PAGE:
The case of Department of Financial Institutions v. Mercantile-Commerce B. & T. Co., 7 Cir., 92 F.2d 639, does use the term "estoppel" in denying to a party, entitled to sue in the federal courts because he was an officer of the United States, the right to go into a federal court and disturb the possession of the res which was in custodia legis in the state court. In that case the court held that the objective of the action in the federal court was to remove the res from the jurisdiction of the state court, which could not be done. The term estoppel as there used applied to the peculiar facts of that case. There was no estoppel in this case, even if we assume that there could be an estoppel of the United States, absent necessary incidents of res judicata.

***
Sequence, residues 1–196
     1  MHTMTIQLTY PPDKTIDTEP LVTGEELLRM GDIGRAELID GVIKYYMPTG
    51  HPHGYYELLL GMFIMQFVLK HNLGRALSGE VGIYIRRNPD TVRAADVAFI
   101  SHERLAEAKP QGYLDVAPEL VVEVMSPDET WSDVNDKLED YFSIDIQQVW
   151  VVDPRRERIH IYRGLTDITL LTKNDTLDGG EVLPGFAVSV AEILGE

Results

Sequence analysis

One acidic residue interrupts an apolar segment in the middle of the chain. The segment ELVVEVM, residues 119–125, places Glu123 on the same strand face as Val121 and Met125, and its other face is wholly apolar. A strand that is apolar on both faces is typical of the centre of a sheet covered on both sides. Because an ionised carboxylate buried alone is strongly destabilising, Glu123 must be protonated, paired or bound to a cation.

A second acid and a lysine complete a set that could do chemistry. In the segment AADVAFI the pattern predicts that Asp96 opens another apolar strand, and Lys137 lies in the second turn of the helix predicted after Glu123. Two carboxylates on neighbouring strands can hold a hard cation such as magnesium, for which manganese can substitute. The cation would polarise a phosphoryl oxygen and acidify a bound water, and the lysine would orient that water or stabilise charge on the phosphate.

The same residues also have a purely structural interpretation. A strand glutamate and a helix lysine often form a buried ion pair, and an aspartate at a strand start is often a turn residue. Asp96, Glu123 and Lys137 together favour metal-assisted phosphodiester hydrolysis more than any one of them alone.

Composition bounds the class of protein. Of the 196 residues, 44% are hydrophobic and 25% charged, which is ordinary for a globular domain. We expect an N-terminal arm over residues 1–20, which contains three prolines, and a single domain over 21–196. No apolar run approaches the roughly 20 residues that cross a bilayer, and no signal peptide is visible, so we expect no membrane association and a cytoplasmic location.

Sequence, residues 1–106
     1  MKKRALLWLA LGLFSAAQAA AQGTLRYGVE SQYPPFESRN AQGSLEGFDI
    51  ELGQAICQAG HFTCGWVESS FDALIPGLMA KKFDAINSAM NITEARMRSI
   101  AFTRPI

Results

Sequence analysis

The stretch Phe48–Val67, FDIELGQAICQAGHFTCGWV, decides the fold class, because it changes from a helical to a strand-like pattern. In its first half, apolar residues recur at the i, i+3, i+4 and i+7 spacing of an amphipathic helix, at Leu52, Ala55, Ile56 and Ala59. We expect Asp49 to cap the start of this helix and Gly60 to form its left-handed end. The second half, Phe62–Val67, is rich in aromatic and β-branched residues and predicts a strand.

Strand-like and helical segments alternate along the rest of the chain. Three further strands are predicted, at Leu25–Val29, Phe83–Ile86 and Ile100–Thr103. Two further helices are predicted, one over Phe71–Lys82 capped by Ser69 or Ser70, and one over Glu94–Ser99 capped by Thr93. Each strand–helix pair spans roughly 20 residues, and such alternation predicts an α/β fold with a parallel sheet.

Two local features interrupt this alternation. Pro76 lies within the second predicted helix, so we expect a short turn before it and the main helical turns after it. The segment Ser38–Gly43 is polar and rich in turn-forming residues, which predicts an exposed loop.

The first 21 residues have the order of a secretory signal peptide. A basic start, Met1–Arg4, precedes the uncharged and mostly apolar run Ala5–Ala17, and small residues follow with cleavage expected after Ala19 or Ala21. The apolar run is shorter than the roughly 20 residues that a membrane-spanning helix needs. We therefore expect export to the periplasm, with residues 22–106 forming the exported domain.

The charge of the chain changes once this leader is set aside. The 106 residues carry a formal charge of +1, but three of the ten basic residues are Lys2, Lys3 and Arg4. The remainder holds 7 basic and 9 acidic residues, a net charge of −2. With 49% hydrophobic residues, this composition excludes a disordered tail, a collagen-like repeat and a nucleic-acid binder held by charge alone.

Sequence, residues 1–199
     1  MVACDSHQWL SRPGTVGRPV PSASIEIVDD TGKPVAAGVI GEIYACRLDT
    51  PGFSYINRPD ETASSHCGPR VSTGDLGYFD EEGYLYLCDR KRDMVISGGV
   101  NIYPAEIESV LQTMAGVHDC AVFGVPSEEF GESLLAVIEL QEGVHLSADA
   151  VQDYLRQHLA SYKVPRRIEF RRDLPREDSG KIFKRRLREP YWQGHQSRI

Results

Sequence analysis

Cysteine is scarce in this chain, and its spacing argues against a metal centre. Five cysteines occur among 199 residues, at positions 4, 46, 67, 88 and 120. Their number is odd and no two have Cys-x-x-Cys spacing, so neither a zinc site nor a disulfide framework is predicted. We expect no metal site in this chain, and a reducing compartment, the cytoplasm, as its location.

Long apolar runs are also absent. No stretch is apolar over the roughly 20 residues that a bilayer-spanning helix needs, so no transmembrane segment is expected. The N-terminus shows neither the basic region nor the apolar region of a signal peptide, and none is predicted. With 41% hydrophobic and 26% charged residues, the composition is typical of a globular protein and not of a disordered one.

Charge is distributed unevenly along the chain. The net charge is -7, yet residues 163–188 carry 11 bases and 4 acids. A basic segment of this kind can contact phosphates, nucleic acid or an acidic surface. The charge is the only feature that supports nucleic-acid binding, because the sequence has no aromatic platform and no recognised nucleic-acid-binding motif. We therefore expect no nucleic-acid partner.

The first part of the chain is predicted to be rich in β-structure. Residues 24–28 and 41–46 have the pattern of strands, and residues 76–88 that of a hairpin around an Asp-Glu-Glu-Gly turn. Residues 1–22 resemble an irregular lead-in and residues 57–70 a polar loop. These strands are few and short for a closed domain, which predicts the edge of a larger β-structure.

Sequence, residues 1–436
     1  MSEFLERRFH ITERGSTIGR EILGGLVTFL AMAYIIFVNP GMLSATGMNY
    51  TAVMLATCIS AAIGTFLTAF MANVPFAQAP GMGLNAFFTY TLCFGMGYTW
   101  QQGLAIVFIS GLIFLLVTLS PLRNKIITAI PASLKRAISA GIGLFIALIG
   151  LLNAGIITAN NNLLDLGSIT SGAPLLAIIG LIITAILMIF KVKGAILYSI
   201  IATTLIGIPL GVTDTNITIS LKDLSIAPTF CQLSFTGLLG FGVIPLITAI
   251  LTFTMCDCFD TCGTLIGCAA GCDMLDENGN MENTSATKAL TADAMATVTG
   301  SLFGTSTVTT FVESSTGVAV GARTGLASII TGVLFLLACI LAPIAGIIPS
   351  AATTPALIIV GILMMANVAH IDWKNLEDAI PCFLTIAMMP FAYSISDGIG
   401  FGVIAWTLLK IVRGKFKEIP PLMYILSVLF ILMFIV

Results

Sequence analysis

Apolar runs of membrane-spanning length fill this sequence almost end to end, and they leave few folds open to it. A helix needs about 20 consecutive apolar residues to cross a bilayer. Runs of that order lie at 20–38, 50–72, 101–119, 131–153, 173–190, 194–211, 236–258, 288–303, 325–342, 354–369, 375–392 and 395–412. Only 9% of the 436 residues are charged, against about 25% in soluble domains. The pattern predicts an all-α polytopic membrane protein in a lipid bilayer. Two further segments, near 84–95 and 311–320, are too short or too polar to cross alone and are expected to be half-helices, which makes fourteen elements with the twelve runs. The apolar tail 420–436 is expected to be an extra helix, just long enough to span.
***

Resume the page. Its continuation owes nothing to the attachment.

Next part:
The right of the United States to maintain the action in the federal court to establish its tax claim and have adjudicated the priority of its tax lien against the claim of a prior lien by Mrs. Hart is clear. Those rights were personal between Mrs. Hart and the United States. Their determination did not disturb the right of possession of the property in the custody of the Chancery Court. Hence, they could be litigated in either court, principles of comity not preventing. As stated in Penn General Casualty Co. v. Pennsylvania, 294 U.S. 189, 195, 55 S.Ct. 386, 389, 79 L.Ed. 850: